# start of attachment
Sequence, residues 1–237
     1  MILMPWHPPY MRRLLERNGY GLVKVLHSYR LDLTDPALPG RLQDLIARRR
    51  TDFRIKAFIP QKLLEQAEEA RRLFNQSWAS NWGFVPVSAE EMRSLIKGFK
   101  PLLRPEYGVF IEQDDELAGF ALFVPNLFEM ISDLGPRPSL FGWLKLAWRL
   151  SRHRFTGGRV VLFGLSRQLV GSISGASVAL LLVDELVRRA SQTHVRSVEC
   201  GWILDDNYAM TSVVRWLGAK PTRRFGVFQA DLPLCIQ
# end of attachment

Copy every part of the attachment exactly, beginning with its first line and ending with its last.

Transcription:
Sequence, residues 1–237
     1  MILMPWHPPY MRRLLERNGY GLVKVLHSYR LDLTDPALPG RLQDLIARRR
    51  TDFRIKAFIP QKLLEQAEEA RRLFNQSWAS NWGFVPVSAE EMRSLIKGFK
   101  PLLRPEYGVF IEQDDELAGF ALFVPNLFEM ISDLGPRPSL FGWLKLAWRL
   151  SRHRFTGGRV VLFGLSRQLV GSISGASVAL LLVDELVRRA SQTHVRSVEC
   201  GWILDDNYAM TSVVRWLGAK PTRRFGVFQA DLPLCIQ